Suppose you ask your friend to give you 8 integer numbers chosen between 1 and say 731). Can you guess beforehand what his/her answer is going to be? You can claim irregularity if one of the numbers is 732 or 1000, but you cannot say my answer is supposed to come out such and such. Do you see the analogy. Try saying that to the Lottery guys.

Hope it clarifies things.

Jan 18, 2009 | Texas Instruments TI-30 XIIS Calculator

The greatest integer function (also called a step function) is actually a piecewise defined function with a special definition. The function has the notation f(x)=||x|| or f(x)=[[x]] when it is written, but the TI-83 and the TI-84 designate this function by using f(x)=int(x) and is found in the MATH NUM menu. This function is the greatest integer less than or equal to x. So, f(1)=1 and f(1.4)=1. Since this is a piece-wise function you should use DOT mode.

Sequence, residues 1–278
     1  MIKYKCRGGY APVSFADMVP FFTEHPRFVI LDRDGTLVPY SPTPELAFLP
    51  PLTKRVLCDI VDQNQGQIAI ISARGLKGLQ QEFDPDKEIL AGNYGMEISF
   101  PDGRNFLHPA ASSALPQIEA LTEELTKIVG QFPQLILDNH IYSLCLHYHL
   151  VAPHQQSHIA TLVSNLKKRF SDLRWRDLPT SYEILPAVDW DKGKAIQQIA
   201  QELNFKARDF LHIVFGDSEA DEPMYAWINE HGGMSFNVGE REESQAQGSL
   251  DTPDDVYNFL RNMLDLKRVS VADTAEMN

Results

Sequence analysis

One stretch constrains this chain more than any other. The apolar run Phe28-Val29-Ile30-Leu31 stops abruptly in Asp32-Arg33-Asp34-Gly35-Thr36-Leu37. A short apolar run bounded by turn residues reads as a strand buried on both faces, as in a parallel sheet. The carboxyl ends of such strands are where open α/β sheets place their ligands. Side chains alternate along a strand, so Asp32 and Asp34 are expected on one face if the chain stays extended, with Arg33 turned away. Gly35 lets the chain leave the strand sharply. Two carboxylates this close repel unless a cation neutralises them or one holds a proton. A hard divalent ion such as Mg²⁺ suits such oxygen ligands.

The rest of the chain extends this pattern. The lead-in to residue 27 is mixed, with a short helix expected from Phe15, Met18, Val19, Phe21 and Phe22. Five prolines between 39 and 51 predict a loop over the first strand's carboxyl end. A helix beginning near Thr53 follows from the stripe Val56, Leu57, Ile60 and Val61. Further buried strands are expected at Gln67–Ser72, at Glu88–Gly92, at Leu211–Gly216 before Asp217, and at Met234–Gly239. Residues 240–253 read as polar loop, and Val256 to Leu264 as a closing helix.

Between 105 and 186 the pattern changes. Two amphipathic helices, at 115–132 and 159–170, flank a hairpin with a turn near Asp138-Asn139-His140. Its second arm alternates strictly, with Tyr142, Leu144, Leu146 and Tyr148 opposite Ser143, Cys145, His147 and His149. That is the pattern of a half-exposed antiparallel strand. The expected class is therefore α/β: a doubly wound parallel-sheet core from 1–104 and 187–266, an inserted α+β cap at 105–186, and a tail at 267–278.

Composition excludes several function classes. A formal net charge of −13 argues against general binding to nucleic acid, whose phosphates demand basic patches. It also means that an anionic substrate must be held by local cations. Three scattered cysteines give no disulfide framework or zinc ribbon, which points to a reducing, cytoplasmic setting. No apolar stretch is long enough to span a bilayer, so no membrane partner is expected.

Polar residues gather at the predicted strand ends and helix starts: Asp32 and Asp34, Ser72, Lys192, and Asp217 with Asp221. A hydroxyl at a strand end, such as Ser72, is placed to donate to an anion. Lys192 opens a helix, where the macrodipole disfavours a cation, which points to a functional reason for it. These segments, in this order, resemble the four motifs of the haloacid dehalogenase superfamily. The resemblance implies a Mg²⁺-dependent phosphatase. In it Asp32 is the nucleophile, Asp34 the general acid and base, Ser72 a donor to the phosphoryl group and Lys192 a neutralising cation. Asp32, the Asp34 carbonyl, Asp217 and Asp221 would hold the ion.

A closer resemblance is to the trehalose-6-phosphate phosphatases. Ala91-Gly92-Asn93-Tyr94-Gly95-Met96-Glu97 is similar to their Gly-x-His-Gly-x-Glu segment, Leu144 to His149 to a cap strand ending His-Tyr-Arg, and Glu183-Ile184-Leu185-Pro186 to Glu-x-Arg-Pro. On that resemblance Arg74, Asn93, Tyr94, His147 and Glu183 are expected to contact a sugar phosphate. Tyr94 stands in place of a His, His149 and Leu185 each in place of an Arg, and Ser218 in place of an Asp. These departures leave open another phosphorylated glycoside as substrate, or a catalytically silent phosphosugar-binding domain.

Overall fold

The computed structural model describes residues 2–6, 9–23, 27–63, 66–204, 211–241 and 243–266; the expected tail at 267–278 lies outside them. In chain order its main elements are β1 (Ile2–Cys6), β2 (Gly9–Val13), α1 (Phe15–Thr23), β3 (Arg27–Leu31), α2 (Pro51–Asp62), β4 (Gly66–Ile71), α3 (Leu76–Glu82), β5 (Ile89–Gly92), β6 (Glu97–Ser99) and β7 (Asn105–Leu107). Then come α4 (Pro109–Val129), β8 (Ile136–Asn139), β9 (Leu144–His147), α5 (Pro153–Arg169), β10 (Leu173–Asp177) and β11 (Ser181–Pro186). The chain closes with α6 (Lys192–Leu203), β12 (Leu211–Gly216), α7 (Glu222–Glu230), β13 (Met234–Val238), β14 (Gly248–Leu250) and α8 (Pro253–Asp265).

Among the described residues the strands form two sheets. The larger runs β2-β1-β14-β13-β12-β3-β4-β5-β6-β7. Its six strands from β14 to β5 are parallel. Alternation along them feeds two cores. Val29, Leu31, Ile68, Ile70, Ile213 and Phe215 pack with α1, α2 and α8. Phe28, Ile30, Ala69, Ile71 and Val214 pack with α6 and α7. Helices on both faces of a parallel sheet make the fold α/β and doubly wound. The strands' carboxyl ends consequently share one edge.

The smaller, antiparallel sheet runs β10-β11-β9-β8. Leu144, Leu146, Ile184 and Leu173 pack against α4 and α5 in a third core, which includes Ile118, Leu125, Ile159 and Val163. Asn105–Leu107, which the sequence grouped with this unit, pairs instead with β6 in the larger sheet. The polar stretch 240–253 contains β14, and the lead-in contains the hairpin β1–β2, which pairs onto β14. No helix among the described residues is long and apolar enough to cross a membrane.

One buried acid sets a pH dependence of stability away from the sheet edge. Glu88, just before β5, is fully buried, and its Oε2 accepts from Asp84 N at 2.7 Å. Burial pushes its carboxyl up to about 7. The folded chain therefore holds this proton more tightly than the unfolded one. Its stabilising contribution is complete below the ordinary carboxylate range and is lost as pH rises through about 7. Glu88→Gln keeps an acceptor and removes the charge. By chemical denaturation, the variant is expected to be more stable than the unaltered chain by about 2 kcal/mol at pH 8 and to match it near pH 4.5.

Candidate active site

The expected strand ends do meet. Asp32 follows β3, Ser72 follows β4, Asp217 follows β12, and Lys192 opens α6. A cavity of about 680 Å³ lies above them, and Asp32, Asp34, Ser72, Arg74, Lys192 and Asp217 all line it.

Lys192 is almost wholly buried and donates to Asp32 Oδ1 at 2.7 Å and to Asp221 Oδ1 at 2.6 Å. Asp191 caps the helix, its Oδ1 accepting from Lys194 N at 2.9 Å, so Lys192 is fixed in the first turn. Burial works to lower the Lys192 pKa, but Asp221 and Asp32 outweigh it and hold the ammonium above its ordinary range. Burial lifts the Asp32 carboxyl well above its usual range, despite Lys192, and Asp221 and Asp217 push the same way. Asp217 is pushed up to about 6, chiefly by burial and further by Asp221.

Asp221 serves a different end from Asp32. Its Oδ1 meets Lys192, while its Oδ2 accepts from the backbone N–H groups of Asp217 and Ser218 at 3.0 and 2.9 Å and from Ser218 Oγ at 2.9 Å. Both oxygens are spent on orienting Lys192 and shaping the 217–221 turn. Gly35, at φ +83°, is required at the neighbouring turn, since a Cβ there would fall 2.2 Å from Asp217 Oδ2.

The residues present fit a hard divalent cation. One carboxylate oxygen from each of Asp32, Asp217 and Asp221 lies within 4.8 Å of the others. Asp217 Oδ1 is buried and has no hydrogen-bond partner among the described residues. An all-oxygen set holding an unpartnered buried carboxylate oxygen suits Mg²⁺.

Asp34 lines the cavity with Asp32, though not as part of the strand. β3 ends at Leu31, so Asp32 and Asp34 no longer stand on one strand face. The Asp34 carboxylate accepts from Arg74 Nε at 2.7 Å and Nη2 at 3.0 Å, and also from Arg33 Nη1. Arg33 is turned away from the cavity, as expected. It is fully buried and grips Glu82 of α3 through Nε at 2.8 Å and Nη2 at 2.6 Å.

Mar 21, 2008 | Texas Instruments TI-84 Plus Calculator

Random number generators on computers are not really random. They need to be "seeded". If you seed the random number generator with the same seed each time you will generate the same list of numbers. A common technique in computer programming is to seed the random number generator with a value like the number of seconds that has occurred since midnight. This gives you the illusion of real random numbers.

Look up the word "Seed" in your calculator documentation and it will most likely tell you how this is accomplished on the TI calculators.

Look up the word "Seed" in your calculator documentation and it will most likely tell you how this is accomplished on the TI calculators.

Nov 20, 2007 | Texas Instruments TI-83 Plus Calculator

Apr 03, 2014 | Texas Instruments TI-85 Calculator